We have built for ourselves big beautiful buildings, with cool clear acoustics and colorful carpets, where as cozy Christians we sit on padded pews, living in luxury while sinners sink into hell. We say that we are rich, but we are poor, blind, wretched, miserable and naked. I thank God for comfortable pews and quality sound systems, but not at the cost of neglecting the lost. We have lavished luxury on the lifeboat, while people drown en masse around us.
I have watched vast multitudes crowd around ministries of “power,” “healing” and “faith,” and prayed that what I suspect is untrue. I have listened to the message that these men and women bring and hoped that I was mistaken in my thought that there was something radically wrong. I’m not bothered by what they say, but by what is left unsaid. There is healing in the atonement (who doesn’t pray that God would heal a sick loved one?); we need to have faith in God’s promises; and historically God does bless His people and lift them out of poverty, hunger and suffering. But why don’t these ministers preach Christ crucified for the sins of the world? They consistently leave the cross out of their message, other than to mention it as the means of purchasing healing and prosperity for God’s people. Why is there no preaching against sin and exalting God’s righteousness?
I look at the vast seas of people before them and think that there must be many who don’t know God’s mercy in Christ, yet they are not warned to flee from the wrath to come. Judgement Day isn’t mentioned, neither is hell, nor is there a call to repentance. I try to be gracious and excuse them by thinking that perhaps these are “teachers” within the Body of Christ, whose particular gifting is to exhort and encourage rather than to seek to save what is lost. However, the most gifted of teachers cannot be excused for not caring about the fate of the ungodly. The apostle Paul was the greatest of teachers, yet he pleaded for prayer that he would share the Gospel with boldness as he “ought to speak.” He said, “Woe is me if I do not preach the Gospel!” (1 Corinthians 9:16). What are the ethical implications of a fire captain who is preoccupied with making sure that his firemen are well-dressed, while people he is supposed to be saving burn to death?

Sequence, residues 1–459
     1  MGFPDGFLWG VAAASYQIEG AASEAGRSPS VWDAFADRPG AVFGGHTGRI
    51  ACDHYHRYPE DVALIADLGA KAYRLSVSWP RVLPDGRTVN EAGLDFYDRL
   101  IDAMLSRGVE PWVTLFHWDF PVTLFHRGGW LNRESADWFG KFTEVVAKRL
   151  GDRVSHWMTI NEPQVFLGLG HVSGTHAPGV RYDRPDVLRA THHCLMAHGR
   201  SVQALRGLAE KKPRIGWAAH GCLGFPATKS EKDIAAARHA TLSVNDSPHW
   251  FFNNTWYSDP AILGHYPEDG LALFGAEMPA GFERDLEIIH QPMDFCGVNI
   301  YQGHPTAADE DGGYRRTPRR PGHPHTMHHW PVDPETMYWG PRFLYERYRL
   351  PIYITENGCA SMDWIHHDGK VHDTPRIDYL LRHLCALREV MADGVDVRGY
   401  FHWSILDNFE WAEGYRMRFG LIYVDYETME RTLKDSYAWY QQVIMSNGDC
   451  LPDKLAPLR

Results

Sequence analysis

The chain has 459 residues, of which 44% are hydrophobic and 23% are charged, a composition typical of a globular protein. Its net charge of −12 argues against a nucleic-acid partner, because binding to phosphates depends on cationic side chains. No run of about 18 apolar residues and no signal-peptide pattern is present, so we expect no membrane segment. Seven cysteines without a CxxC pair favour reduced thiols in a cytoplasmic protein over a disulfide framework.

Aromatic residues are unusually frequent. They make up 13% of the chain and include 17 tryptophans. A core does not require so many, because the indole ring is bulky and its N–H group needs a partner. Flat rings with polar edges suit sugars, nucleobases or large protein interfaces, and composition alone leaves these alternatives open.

If the Prodigal Son had returned to his father before he realized that his desires were base, he may have come to him with a different attitude. Instead of seeing that his desires were for pig food and saying, “Father I have sinned … make me like one of your hired servants,” he may have said, “Father, I have run out of money.” Rather than saying, “Make me,” he would say, “Give me.” Instead of wanting to serve his father, his father would become his servant. That is the category of many who sit in the midst of the Body of Christ. The Law has not been used to show them that their sinful desires are exceedingly sinful. God is merely a means to further their own ends.
Few see how great a sin it is to neglect evangelism, because so few have any concern for the lost. Many within the Church think we are here to worship the Lord, and evangelism is for the few who have that gift. Their call to worship is a higher calling.
There was once a respectable captain of a ship whose crew spoke highly of him. They said they esteemed him to a point where everyone knew of their professed love for him.
One day, however, the captain saw to his horror that an ocean liner had struck an iceberg and people were drowning in the freezing water ahead of his ship. He quickly directed his vessel to the area, stood on the bridge, and made an impassioned plea to his crew to throw out the life preservers. But instead of obeying his charge, the crew lifted their hands and said, “Praise the captain … praise you … we love you! You are worthy of our praise.”
Can you see that the reality of their adoration should have been seen by their obedience to his command? Their “admiration” was nothing but empty words.
If we worship in Spirit, we will also worship in truth. To lift our hands in adoration to God, yet refuse to reach out our hands in evangelism for God is nothing but empty hypocrisy. “You shall worship the Lord your God, and Him only shall you serve,” (Matthew 4:10, emphasis added) is more than a mere satanic rebuke. If the average church made as much noise about God on Monday as it does to God on Sunday, we would have revival.
Yet, in his book The Coming Revival, Bill Bright reports that, “only two percent of believers in America regularly share their faith in Christ with others” (NewLife Publications, p. 65).
– The preceding text was copied from Ray Comfort’s book, Revival’s Golden Key (Bridge-Logos Publishers, © 2002, pp. 179-181).